Feeding Dairy Cows in a Crazy Marketplace

1/26/2013 7:00 AM
By Charlene M. Shupp Espenshade Special Sections Editor

EAST EARL, Pa. — When dairy prices get tight, farmers are tempted to cut back to save money on feed costs. But what might seem like a short-term gain could turn into a long-term loss, according to one dairy nutritionist.

Brian Perkins, a Diamond V technical specialist, spoke to dairy farmers Tuesday at the REB Dairy Consultants meeting at Shady Maple Restaurant in East Earl.

“It wasn’t that long ago we could feed a cow for $4 a day,” he said. “Now it is over $7 a day, and boy, is that a big change.”

Perkins talked about management practices to improve farm profitability in a time of higher feed costs.

“The key is control what you can control,” he said. “There is no magic answers or magic additives. Cow requirements don’t change when the feed prices change. They don’t know when feed price is low or feed price is high. ...

“Don’t ever do anything that reduces milk flow. That is what we sell,” he said. “For you, an individual dairy farmer, it’s about making as much milk as you can.”

Income over feed costs is the gold standard Perkins uses for measuring farm profitability. Do not use ratios, he said, because they can be misleading and not show where the problem lies.

The pitfall some farmers fell into during 2009 was cutting back their feeding programs, which resulted in cow breeding problems. Days in milk lengthened and production dropped.

When prices bounced back, the farmers did not have the milk production to capture the higher profits.

“You cannot turn a herd on or off overnight, so we have to be sure we don’t (get) in a position where it takes months and months for the herd to gear back up when prices are really profitable,” he said.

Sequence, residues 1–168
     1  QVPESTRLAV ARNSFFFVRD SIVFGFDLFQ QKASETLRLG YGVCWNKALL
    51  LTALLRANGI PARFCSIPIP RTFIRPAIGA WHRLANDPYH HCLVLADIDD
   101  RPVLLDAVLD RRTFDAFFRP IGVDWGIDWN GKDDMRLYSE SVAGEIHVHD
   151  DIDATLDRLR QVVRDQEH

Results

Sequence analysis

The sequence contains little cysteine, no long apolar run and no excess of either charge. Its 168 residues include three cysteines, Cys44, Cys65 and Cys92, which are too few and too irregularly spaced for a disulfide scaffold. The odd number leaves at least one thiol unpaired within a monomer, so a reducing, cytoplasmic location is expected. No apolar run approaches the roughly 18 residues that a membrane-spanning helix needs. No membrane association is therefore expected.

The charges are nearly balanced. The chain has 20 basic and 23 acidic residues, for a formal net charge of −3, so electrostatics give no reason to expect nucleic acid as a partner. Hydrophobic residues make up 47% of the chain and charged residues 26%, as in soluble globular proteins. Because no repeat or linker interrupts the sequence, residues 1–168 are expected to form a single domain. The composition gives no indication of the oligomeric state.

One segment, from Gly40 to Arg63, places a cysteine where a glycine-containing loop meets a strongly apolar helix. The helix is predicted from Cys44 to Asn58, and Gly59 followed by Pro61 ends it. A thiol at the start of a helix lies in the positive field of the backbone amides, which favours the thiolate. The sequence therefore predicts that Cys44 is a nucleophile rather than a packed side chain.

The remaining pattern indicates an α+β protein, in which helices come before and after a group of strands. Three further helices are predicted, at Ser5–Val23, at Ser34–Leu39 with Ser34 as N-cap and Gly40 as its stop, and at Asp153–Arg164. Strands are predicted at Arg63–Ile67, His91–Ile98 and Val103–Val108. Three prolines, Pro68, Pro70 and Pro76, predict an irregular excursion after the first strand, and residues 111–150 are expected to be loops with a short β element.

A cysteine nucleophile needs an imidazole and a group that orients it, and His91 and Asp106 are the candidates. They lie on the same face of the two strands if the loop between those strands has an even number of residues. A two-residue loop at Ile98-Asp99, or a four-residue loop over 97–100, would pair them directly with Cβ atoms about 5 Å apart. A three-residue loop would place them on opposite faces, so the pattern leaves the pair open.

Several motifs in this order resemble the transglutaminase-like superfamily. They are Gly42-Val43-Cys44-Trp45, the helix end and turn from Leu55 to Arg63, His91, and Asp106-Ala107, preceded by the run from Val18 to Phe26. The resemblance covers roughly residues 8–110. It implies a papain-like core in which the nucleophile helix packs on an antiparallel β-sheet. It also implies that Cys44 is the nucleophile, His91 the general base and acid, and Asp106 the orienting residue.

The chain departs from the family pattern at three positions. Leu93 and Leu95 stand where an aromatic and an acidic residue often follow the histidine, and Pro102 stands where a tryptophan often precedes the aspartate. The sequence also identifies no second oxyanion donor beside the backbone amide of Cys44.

An obvious control point is feed management, starting with managing silos and storage areas to minimize spoilage and shrinkage. Feed that is moldy or “blows away” cannot be fed, he said.

With high prices, minimize feed-ration mixing errors to make sure the ration stays consistent, he advised. And to round out the feeding program, maximize forage quality.

“We need to do everything to do the absolute best job we can with our limited acres,” he said.

Looking at the heifers on a farm, farmers should have a freshening goal of 22 to 24 months of age.

“Those older heifers eat an amazing amount of feed and are expensive to keep around,” he said.

But Perkins also noted that he did not like heifers freshening at 21 months, believing they are too young then.

Cow comfort can help minimize costs. The more “uncomfortable” the cow, the more energy she requires to live. Stall comfort, adequate bedding, disease prevention, minimizing heat stress and keeping cows clean are energy savers for cows.

The first $3 of a ration will go to animal maintenance, Perkins said. The rest of the ration will be used for milk production.

“The goal is to dilute maintenance costs with milk production,” he said.

The lower the production, the more it costs per pound just to keep the cow alive.

“We need to look at high production per cow to dilute maintenance costs,” he said.

The other profit potential comes from milk components.

“You don’t get paid for the water you ship,” Perkins said. “You get paid a lot for the protein and the fat that is in there.”

Farmers should track butterfat and protein production, and see how they compare with other herds, he said. Farmers should strive to be above the average. Lower somatic cell counts also yield milk check bonuses.

With high beef prices, farmers should cull cows aggressively, Perkins said. Replacement heifer costs are reasonable when farmers can sell an older cow and for just another $200 have a younger one in the herd.

“When you have got that trade, it is a great way to trade in older cows,” he said. “When you can do a trade like that, you should do that trade every day of the week.”


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